Map Collection

Emancipation of European Jewry.  (Source: A Teacher’s Guide to the Holocaust, produced by Florida Center for Instructional Technology, College of Education, University of South Florida, 2005)

Austro-Hungarian Empire
Artaria Railway and Postal Communications Map of Austria-Hungary, 1887.

Austro-Hungarian Empire, 1898

Cram’s Railway System Atlas of the Austro-Hungarian Monarchy, 1901.

Belarus
Baltic and Belorussian Lands Annexed by the Russian Empire, 1721-1807, including the partitions of Poland (1772-1795)  (Source: Patricia Kennedy Grimstead, Archives and Manuscript Repositories in the USSR-Estonia, Latvia, Lithuania and Belorussia, Princeton, 1981)

Belarus – White Russia 1882.
(Source: Foundation for East European Family History Studies; from Blackie & Sons Atlas (Edinburgh, 1882), Scale: 1:6,100,000 (or one inch equals about 96 miles)

Prerevolutionary Provincial Organization under the Russian Empire in the Baltic and Belorussian Areas (Late 19thC to 1917).  (Source: Patricia Kennedy Grimstead, Archives and Manuscript Repositories in the USSR-Estonia, Latvia, Lithuania and Belorussia, Princeton, 1981)

Galicia
Galicia, 1882. (Source: Foundation for East European Family History Studies; from Blackie & Sons Atlas (Edinburgh, 1882), Scale: 1:2,700,000 (or one inch = about 42 miles)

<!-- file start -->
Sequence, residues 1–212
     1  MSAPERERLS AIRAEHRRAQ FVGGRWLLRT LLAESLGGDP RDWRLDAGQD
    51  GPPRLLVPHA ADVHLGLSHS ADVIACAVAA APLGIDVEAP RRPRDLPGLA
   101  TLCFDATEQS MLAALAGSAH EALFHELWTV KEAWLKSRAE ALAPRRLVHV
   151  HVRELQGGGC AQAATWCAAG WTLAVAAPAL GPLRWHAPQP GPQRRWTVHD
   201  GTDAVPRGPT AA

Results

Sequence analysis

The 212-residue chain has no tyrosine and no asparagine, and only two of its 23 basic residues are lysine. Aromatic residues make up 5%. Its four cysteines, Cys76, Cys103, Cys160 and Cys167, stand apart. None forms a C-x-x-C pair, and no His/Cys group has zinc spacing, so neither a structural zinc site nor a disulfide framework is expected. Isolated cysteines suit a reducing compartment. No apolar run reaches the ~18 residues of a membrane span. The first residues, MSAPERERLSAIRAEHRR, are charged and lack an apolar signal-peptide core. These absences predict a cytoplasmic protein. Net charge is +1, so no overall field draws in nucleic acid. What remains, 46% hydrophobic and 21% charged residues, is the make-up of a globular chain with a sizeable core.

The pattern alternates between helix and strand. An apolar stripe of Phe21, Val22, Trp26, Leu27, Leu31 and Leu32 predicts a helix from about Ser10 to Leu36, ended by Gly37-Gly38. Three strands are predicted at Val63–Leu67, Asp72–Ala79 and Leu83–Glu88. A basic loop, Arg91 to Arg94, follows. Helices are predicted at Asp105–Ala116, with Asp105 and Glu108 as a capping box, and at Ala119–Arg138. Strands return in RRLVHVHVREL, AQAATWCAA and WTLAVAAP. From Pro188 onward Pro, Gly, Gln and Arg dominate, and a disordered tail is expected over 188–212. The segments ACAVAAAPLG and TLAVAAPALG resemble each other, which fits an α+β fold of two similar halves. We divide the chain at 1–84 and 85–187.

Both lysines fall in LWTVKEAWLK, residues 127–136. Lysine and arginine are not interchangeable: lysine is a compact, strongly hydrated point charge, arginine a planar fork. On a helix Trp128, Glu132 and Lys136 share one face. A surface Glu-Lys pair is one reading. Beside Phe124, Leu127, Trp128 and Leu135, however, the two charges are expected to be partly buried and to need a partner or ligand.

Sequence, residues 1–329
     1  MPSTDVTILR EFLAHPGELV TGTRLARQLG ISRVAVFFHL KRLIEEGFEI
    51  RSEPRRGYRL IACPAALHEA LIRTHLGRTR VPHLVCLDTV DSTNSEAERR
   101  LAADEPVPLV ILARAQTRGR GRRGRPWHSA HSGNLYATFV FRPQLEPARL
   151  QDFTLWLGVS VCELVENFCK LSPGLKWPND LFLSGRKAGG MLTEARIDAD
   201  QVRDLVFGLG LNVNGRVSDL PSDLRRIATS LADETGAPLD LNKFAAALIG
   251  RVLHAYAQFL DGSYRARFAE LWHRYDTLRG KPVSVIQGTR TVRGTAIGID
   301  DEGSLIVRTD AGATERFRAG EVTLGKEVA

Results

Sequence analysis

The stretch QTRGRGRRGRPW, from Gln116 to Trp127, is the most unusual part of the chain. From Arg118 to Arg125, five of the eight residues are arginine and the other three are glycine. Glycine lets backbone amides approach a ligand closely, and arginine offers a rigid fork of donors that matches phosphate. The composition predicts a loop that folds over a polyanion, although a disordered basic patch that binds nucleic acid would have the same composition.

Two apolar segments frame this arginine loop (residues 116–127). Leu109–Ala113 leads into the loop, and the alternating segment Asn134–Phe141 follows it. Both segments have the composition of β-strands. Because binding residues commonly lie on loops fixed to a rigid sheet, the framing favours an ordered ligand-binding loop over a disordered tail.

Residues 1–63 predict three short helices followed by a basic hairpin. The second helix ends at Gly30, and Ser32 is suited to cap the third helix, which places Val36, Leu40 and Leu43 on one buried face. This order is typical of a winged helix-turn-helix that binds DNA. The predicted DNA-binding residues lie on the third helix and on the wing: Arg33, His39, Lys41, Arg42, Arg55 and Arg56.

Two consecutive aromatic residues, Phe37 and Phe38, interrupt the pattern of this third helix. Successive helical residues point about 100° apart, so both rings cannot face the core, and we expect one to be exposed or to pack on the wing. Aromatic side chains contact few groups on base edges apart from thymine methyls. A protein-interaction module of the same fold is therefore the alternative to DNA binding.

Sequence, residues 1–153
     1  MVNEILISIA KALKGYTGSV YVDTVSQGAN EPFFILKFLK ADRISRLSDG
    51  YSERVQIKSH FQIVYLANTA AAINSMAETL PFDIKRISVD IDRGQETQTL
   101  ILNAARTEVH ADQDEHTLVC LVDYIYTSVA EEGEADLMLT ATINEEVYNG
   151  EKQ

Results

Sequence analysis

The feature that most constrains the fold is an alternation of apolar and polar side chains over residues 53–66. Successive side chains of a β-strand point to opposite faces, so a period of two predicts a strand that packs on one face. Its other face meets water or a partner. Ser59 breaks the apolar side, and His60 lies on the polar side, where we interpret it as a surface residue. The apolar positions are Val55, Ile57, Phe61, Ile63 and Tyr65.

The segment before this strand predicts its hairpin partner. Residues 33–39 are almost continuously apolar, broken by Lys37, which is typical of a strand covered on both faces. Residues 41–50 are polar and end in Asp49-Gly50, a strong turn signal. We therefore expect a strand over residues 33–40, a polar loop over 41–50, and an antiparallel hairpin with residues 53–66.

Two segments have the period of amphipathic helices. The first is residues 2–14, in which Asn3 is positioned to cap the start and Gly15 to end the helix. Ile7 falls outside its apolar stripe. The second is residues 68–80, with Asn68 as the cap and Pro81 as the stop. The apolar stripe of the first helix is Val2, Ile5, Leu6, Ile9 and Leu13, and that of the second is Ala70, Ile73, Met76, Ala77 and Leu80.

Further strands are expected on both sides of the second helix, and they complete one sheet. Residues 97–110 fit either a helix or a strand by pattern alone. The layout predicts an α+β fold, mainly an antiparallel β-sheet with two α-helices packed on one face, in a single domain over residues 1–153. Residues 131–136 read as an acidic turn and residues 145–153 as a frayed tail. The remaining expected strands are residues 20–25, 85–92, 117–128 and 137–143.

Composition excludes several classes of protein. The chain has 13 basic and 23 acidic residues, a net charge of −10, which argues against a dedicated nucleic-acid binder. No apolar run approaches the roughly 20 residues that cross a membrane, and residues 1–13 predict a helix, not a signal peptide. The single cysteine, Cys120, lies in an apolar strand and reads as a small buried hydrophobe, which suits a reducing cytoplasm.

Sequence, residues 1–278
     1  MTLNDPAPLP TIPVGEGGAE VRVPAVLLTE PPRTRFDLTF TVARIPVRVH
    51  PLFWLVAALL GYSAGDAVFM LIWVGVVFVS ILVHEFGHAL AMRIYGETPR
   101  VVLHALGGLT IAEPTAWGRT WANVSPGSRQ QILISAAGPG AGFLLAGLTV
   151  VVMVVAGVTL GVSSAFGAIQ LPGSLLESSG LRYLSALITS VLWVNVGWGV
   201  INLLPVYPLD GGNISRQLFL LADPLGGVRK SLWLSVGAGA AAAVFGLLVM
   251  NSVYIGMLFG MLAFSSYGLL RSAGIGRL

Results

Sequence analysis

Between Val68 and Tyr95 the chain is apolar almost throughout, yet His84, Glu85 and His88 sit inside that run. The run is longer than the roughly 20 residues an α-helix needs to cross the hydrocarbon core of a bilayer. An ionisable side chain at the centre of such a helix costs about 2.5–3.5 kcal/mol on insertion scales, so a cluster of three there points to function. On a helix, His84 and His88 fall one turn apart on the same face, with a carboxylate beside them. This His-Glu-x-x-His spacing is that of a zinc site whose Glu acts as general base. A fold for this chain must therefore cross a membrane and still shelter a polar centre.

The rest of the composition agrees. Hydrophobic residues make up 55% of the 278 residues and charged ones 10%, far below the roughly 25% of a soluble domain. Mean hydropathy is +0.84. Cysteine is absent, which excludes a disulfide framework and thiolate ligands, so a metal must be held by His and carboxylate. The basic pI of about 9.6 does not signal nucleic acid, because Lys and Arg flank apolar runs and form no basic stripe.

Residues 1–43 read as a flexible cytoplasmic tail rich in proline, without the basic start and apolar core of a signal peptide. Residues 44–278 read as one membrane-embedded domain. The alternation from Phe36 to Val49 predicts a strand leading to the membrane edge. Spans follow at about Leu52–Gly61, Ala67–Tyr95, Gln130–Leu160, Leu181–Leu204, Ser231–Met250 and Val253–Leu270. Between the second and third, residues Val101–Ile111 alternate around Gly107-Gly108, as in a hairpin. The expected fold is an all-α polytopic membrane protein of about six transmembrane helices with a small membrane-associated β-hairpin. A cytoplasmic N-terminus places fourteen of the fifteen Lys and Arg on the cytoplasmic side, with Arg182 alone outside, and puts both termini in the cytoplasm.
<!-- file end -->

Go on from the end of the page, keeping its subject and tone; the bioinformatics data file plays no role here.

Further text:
Kornman Road, Rail & Waterway Transport Map of Galicia & Bukovina, 1890.

Lithuania
Sites of Prewar Jewish Residence in Lithuania.  (Source: Vilna Gaon Jewish State Museum, 2000-2008)

Poland
The Duchy of Warsaw in 1809 and Congress Poland in 1815. (Source: Poland: A Country Study.  Washington, D.C. : Library of Congress)

Independent Poland, 1920-1939. (Source: Poland: A Country Study. Washington, D.C. : Library of Congress)

Kielce and Radom Gubernias with powiat (district) divisions, 1867-1917.

Map of Jewish Heritage in Poland.  (Source: Warsaw : Polish Tourist Organisation, c2001)

Poland 1921-1929 with Administrative Districts. (Source: Polish Genealogical Society of America)

Ukraine
Russia, Ukraine, 1882. (Source: Foundation for East European Family History Studies; from Blackie & Sons Atlas (Edinburgh, 1882), Scale: 1:6,100,000 (or one inch equals about 96 miles)